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Posted by Elvis on 10/11/17 •
Section American Solidarity • Section Job Hunt
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Thursday, May 04, 2017

Book: Down and Out in the New Economy

image: Down And Out in the New Economy

Homeless and Unemployed in an Economy We’re Supposed to Think Is Liberating
In Ilana Gershon’s new book ”DOWN AND OUT IN THE NEW ECONOMY,” the employer power dynamic is called into question.

By Ilana Gershon
University of Chicago Press
April 27, 2017

The following is an adapted excerpt from the new book Down and Out in the New Economy: How People Find (or Dont Find) Work Today by Ilana Gershon (University of Chicago Press, April 2017):

Chris, an independent contractor in his midfifties, knows a lot about what it means to deal with an unstable job market, especially during those moments when you are between gigs and don’t know when you are going to get the next one. There was a period in 2012 where he hadn’t had a contracting job for a while, and he had no idea how he was going to pay his rent. He realized he might be able to make his rent for another month, but if he didn’t get a job soon, he might be homeless. He decided that he needed to get his body ready for this very likely possibility. I started to sleep on the floor a few hours each night, as long as I could take it, so I could get used to sleeping on a sidewalk or on the dirt. That’s how bad it looked. It just seemed hopeless, Chris said. Out of the blue, a staffing agency based in India contacted him and offered him a contract in the Midwest, giving him enough money to make it through this bad patch. But this stark moment, in which he saw homelessness around the corner, is part and parcel of the downside of careers made up of temporary jobs. Chris responded to this possibility in the way that you are supposed to if you are constantly enhancing yourself. He began to train his body for living on the streets, realizing that he needed to learn how to sleep without a bed. He was determined to be flexible and to adapt to potential new circumstances. Seeing the self as a bundle of skills, in practice, means that for some people enhancing your skills involves training yourself to survive being homeless. This too is a logical outcome of our contemporary employment model.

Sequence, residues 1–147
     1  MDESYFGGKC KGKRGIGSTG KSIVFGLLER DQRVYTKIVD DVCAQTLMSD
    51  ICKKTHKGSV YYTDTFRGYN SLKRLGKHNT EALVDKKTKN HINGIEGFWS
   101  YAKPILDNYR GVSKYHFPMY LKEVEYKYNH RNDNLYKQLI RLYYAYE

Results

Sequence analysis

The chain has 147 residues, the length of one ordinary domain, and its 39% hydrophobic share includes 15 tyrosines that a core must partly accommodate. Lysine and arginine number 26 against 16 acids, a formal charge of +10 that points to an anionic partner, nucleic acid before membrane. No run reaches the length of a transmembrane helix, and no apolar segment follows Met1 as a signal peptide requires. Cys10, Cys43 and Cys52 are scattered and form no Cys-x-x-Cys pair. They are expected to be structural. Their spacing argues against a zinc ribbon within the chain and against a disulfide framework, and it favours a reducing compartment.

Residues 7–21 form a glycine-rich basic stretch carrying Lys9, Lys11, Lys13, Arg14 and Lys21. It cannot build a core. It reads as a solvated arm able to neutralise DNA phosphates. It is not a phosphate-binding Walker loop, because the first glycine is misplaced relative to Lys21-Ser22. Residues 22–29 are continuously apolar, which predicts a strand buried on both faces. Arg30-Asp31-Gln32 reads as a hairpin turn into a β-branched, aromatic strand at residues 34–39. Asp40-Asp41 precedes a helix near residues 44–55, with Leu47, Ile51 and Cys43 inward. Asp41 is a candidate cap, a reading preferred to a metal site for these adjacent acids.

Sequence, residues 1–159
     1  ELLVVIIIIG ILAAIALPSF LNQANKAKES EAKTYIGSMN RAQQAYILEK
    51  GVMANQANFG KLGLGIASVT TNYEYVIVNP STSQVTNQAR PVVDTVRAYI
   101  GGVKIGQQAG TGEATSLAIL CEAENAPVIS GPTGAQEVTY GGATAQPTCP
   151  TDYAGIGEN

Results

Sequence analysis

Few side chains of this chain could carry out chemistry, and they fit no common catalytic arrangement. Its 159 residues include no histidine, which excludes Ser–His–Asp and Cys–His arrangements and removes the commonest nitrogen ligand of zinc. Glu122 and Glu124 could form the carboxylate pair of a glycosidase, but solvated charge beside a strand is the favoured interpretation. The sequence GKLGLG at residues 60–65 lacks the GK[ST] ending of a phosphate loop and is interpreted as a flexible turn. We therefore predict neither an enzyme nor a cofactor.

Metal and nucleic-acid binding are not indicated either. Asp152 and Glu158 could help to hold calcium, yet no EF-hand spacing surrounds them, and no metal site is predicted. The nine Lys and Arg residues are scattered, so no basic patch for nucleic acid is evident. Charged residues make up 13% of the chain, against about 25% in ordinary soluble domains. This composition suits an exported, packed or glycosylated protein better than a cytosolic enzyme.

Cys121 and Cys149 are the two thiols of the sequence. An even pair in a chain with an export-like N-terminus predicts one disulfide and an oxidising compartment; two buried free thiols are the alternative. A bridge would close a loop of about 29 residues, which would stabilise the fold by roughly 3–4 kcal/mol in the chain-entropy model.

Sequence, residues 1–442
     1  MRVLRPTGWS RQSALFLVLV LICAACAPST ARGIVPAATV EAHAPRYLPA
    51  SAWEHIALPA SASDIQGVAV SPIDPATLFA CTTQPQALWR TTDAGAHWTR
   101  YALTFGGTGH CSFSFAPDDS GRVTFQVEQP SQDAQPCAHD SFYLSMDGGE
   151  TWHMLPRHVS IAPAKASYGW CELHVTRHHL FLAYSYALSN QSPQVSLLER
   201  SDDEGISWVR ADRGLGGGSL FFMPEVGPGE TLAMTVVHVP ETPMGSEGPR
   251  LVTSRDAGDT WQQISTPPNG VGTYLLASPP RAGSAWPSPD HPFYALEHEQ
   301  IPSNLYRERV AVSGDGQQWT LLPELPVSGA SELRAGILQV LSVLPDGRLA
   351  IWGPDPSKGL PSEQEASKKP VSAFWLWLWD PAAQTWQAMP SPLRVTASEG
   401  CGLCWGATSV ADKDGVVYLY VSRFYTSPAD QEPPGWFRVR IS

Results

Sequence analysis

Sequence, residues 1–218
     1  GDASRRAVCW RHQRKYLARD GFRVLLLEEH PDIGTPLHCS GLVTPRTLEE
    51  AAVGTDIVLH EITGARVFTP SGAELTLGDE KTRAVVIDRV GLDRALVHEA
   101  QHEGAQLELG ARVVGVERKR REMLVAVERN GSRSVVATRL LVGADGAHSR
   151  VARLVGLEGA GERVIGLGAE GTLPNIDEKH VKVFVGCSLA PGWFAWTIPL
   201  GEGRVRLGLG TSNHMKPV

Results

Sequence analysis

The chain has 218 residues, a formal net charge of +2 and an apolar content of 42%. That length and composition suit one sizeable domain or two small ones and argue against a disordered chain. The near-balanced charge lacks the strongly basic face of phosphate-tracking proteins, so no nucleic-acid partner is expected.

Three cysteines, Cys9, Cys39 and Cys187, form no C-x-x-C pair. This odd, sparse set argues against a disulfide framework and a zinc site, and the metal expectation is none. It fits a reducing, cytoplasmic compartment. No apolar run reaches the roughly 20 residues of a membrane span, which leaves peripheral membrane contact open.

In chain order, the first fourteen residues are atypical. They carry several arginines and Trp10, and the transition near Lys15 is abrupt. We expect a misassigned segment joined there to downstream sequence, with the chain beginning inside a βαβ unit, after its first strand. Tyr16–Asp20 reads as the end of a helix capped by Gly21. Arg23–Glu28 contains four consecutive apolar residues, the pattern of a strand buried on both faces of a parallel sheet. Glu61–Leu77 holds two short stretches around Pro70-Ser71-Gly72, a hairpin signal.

I have studied how people are responding to this new way of thinking about work and what it means to be a worker. In the United States, people are moving away from thinking that when they enter into an employment contract, they are metaphorically renting their capacities to an employer for a bounded period of time. Many people are no longer using a notion of the self-as-rented-property as an underlying metaphor and are starting to think of themselves as though they are a business, although not everyone likes this new metaphor or accepts all its implications. When you switch to thinking about the employment contract as a business-to-business relationship, much changes - how you present yourself as a desirable employee, what it means to be a good employer, what your relationships with your coworkers should be like, the relationship between a job and a career, and how you prepare yourself for the future.

The self-as-business metaphor makes a virtue of flexibility as well as the practical ways people might respond in their daily lives to conditions of instability and insecurity. As Gina Neff points out in Venture Labor, the model encourages people to embrace risk as a positive, even sought-out, element of how they individually should craft a career. Each time you switch jobs, you risk. You don’t know the amount of time you will have at a job before having to find a new one, and you risk how lucky you will be at getting that job and the next job. And with every job transition, you risk the salary that you might make. If there is a gap between jobs, then some people will find that they no longer experience a reliable, steady, upward trajectory in their salaries as they navigate the contemporary job market. Yet this is what you are now supposed to embrace as liberating.